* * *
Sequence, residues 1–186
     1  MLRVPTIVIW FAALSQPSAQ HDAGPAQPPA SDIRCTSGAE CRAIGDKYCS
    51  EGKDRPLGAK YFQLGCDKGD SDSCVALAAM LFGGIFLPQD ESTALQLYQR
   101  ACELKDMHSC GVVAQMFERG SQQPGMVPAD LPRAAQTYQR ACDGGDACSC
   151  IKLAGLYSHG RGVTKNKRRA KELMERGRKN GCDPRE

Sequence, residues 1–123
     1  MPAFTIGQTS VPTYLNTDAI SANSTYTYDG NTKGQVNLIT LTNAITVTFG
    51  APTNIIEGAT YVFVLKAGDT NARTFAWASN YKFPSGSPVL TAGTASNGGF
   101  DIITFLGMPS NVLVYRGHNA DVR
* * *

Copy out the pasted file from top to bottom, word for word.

Sequence, residues 1–186
     1  MLRVPTIVIW FAALSQPSAQ HDAGPAQPPA SDIRCTSGAE CRAIGDKYCS
    51  EGKDRPLGAK YFQLGCDKGD SDSCVALAAM LFGGIFLPQD ESTALQLYQR
   101  ACELKDMHSC GVVAQMFERG SQQPGMVPAD LPRAAQTYQR ACDGGDACSC
   151  IKLAGLYSHG RGVTKNKRRA KELMERGRKN GCDPRE

Sequence, residues 1–123
     1  MPAFTIGQTS VPTYLNTDAI SANSTYTYDG NTKGQVNLIT LTNAITVTFG
    51  APTNIIEGAT YVFVLKAGDT NARTFAWASN YKFPSGSPVL TAGTASNGGF
   101  DIITFLGMPS NVLVYRGHNA DVR